The IEC has chaired the Regional Bypass Workgroup, a product of which was the Regional Bypass model. The model is a mathematical tool that predicts the impact of sewage discharges on District waters. Specifically, the quick predictions can determine whether a discharge occurring at a certain point will affect another area, and if there should be concern as to whether a beach or a shellfish area should be closed. During June 1997, a force main failure under Eastchester Bay, in conjunction with other sewage releases, caused the immediate closing of public beaches in the Bronx, as well as in Westchester County and Connecticut (~10 miles to the east). This was the impetus to form the Regional Bypass Work Group. The Commission spearheaded, coordinated and partially funded this multi-state, multi-agency effort that resulted in regional notification and tracking procedures for unplanned sewage bypasses to ensure proper action for the protection of bathers and shellfisheries.

In an effort to fulfill data gaps and to address the need for comprehensive monitoring throughout the New York-New Jersey Harbor Complex and its tributaries, IEC has taken a leadership role in the development of numerous harbor-wide monitoring programs. As is customary, the Commission utilizes EPA’s national databases to share or make its data publicly available (STORET at www.epa.gov/storet and ICIS at https://icis.epa.gov/icis, password required).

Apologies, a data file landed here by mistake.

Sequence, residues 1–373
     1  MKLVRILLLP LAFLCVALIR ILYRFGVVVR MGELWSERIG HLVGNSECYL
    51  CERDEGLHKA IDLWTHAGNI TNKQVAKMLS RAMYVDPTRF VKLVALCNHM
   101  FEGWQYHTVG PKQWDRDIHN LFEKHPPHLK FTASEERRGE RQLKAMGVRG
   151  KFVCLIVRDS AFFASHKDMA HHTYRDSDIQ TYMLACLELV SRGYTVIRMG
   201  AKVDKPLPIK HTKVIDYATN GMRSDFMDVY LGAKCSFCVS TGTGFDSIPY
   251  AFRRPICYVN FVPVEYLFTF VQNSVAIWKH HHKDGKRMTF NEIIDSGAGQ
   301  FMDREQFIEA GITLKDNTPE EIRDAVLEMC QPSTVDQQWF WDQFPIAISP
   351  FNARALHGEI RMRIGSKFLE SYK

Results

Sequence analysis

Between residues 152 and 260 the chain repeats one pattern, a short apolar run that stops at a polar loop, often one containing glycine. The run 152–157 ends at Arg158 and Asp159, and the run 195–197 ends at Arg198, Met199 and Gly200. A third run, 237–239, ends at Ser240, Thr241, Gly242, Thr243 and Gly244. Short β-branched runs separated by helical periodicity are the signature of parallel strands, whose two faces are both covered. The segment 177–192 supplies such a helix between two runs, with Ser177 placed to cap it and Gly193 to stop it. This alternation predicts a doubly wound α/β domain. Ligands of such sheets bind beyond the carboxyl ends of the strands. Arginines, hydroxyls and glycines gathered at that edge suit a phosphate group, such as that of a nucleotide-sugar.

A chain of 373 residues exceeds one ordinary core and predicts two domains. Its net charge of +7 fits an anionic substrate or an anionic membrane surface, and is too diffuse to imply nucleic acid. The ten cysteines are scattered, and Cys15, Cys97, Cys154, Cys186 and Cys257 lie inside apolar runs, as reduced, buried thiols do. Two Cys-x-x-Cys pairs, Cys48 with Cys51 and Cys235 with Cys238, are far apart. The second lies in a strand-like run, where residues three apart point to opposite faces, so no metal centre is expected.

The Commission remains actively involved with the Long Island Sound Study and the New York-New Jersey Harbor Estuary Program—both parts of the National Estuary Program—including special intensive surveys in support of these programs. IEC participates on the Management Committees, implementation and planning teams, and on various workgroups for these studies. With the Comprehensive Conservation and Management Plans for the LISS and the HEP in place, IEC remains a part of those workgroups that determine total maximum daily loads for pathogens, nutrients and toxics.

The Interstate Environmental Commission has established and continues to implement an active, wide-ranged program of public education and public outreach. The Commission sponsors and co-sponsors conferences, and makes its library available to the academic community. Moreover, Commission staff lectures to all levels of students and the Senior Manager advises and works with students enrolled in the Masters Program of the College of Staten Island.

It is fair to say that in every essential area of activity — sampling, monitoring, coordination, regulation and enforcement, public education, and public outreach — the IEC has carried the ball in an effort to restore and maintain the physical, chemical, and biological integrity of its District waters, and to ensure that they meet standards necessary for human sports and recreation.
Collecting Samples in far Western Long Island Sound